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Total Count: 14


Audience Score

User Ratings: 7,632
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Movie Info

When a wealthy man leaves his emotionally disturbed wife, the couple's three adult daughters, each burdened with their own neuroses, attempt to come to their mother's aid. Director Woody Allen's first foray into serious drama was alternately acclaimed for its strong performances and criticized for its pretensions.

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Critic Reviews for Interiors

All Critics (14) | Top Critics (1)

Audience Reviews for Interiors

  • Nov 04, 2013
    An Allen film that is seldom mentioned. It pales in comparison to Annie Hall but it is a very strong film thanks to the ladies involved.
    John B Super Reviewer
  • Jan 01, 2012
    The darkest and coldest Woody Allen film I've seen to date. It's high drama, courtesy of Ingmar Bergman. The sophistication is less polished than in Match Point, and rightfully so, since the cracks in this family's veneer are more due to internal turmoil (duh, the title) than external affairs and atmospheres. I love all the silence and noise: the angry scratches of pencil on paper, the sticky screech of unrolling duct tape on window cracks. Although some commenters on IMDb are not fond of Diane Keaton's performance, I think she (and Geraldine Page) present an acting master class. Renata's first monologue just floors me. Keaton's eyes skitter just enough - to her therapist (I'm assuming), to her hands, to the window - to reveal the insecurity that she dare not show often as the eldest child. She uses her cigarettes well too. She holds it nervously in the aforementioned monologue, and in the scene in which the father (played by Juror #4!) reveals his plans to strike out on his own, she ashes her cigarette by rolling it lightly repeatedly - not letting it go out - bored but listening, almost as if she expected the news and doesn't altogether blame her father for it. Since new Flixster doesn't allow comments on friends' reviews, I'd like to address a qualm Ryan Hibbett voiced in his review about how it's never explicitly shown or stated that Eve came to the beach house the night she kills herself. I do believe there is a shot of her, standing in the shadows as Joey speaks to her. Joey senses her mother there without seeing her, but Eve really IS in the house.
    Alice S Super Reviewer
  • Dec 27, 2011
    Joey: I feel the need to express something, but I don't know what it is I want to express. Or how to express it. Interiors isn't your average Woody Allen film. It is a true drama, which you can't say about all that many Allen films. There is very little humor here and the humor that is in there, is between sophisticated people, about sophisticated subjects. Every single one of these characters is unlikable with only one exception, Pearl. This family is just so fucking bitchy. That is all they do, bitch. Joey has to be the most unlikable realistic woman character I have ever seen.  She is the very definition of the word bitch. She has no real creative talent, yet all she wants to do is create something. One of her sisters(Renata) is a writer, the other(Flynn), an actress. Joey bitches day and night to her boyfriend(Michael) about how great her sisters are. Then she quits every job she gets because it isn't pleasing to her. The only reason I don't like Michael is because he puts up with her. You know he is going to end up marrying her in the future and then something like the events in this movie is going to play out. The event I'm talking about is the divorce of the three sisters parents. If you see and listen to the mother, it is no real surprise why the father wanted to divorce her. The film is extremely well acted and shot, but this isn't my idea of a good movie. It is just way to dull. The only way to describe this movie, is being stuck at you grandma's house with no tv and it is raining outside. The characters, when they aren't bitching, talk about the most uninteresting things, like interior design and their latest book that didn't do well. Despite how much I dislike it, I still found it easy to watch because Allen's writing is pretty good and the actors all do a good job bringing to life their ugly characters. It isn't a movie I would ever watch again, but every Woody Allen movie deserves one viewing.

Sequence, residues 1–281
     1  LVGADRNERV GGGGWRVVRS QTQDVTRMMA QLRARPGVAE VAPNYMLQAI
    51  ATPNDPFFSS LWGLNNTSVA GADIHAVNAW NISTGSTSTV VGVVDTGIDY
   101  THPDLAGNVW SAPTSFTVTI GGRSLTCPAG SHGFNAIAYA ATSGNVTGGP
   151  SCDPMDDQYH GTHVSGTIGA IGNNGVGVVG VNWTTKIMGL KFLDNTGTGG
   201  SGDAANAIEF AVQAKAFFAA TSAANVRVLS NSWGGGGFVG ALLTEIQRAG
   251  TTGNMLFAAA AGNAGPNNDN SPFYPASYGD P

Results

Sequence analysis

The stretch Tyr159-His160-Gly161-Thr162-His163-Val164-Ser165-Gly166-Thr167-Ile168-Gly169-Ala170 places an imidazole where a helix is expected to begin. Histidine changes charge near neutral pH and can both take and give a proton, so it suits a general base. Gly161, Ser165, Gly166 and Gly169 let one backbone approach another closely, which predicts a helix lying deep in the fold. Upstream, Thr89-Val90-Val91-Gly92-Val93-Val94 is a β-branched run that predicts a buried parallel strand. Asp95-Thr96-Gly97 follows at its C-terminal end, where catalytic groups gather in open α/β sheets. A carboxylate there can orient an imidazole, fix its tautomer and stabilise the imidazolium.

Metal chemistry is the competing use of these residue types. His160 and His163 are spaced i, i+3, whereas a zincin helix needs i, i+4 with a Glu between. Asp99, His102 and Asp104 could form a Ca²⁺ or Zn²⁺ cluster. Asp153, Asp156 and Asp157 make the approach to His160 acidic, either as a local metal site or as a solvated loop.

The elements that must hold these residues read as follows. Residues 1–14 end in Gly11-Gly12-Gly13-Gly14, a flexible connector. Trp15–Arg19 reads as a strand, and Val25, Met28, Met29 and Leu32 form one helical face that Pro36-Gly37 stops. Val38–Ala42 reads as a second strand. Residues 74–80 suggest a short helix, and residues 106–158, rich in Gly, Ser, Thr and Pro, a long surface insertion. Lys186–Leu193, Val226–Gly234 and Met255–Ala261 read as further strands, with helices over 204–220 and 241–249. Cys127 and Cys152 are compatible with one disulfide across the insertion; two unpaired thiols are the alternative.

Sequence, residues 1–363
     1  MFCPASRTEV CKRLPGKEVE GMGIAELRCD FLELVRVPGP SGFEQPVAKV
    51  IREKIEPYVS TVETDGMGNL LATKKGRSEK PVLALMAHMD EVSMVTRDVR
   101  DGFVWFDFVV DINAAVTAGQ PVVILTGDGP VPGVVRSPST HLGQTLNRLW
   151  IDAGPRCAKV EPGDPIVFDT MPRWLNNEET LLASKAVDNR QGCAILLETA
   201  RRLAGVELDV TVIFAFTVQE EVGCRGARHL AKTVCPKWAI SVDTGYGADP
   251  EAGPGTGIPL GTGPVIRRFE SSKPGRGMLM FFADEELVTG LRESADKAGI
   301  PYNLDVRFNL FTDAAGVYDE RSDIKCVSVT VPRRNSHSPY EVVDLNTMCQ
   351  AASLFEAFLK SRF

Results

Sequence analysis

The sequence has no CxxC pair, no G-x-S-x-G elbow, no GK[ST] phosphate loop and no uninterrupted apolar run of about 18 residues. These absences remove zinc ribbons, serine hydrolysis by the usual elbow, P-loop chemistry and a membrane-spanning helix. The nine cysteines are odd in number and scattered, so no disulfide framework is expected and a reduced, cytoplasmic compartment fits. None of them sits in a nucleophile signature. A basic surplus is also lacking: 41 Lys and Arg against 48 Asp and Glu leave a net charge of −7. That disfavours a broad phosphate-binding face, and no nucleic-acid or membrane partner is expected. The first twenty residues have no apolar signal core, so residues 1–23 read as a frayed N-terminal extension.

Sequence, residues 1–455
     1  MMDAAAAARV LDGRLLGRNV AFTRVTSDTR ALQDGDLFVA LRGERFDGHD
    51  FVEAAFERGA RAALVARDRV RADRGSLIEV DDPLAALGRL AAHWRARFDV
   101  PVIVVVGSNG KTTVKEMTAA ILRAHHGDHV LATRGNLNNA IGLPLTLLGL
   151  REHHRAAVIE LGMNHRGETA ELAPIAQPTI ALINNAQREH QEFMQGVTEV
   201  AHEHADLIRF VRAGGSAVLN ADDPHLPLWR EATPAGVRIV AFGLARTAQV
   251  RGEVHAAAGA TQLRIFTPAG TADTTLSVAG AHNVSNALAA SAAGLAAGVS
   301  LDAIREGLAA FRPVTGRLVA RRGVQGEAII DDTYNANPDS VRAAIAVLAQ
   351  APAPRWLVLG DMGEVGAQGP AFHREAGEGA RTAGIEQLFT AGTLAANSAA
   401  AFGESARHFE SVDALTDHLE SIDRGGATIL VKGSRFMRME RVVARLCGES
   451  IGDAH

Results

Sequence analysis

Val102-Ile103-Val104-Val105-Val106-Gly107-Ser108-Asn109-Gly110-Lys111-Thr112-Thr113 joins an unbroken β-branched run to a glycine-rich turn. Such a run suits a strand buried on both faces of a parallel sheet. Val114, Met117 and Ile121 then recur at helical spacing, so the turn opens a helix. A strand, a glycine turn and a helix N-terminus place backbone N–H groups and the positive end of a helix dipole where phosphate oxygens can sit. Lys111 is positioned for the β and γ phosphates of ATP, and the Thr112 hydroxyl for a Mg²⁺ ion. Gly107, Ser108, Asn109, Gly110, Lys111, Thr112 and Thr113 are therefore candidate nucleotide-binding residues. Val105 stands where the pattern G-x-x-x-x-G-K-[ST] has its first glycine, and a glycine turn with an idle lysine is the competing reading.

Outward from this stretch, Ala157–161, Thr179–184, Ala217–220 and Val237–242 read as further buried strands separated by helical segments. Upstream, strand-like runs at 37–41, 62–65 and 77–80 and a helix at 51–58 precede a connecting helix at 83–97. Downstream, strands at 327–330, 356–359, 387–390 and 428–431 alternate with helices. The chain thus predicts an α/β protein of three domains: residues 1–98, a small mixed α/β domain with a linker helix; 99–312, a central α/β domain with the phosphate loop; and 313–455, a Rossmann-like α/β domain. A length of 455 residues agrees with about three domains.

Melvin W Super Reviewer
  • Mar 31, 2011
    It' All these people do is mope. If Interiors was an hour and a half of this depressing family contemplating their lives and problems, then it would have been a complete disaster - a highly literate one, mind, but something tonally flat and bereft of any dynamic or dramatic impetus. Maureen Stapleton is the film's saving grace, a deceptively observant burst of vigor introduced at about the halfway mark. She shakes this stultified, miserable social unit right to its core. Though the costume design, placing her in vibrant reds and pinks to contrast with the oppressive beiges and grays she's surrounded by, does her subtlety no favors, she immediately paints a portrait of a woman who knows what's going on but is too considerate to call anyone out for it. Stapleton aside, the acting is uniformly excellent, and Woody Allen does an excellent job of unfurling each characters' challenges and neuroses through the course of the narrative. This is a difficult film to get through, though, both as a Woody Allen piece (his trademark incisive humor is almost totally absent) and as a suffocating chamber drama - enter at your own risk.
    Drew S Super Reviewer

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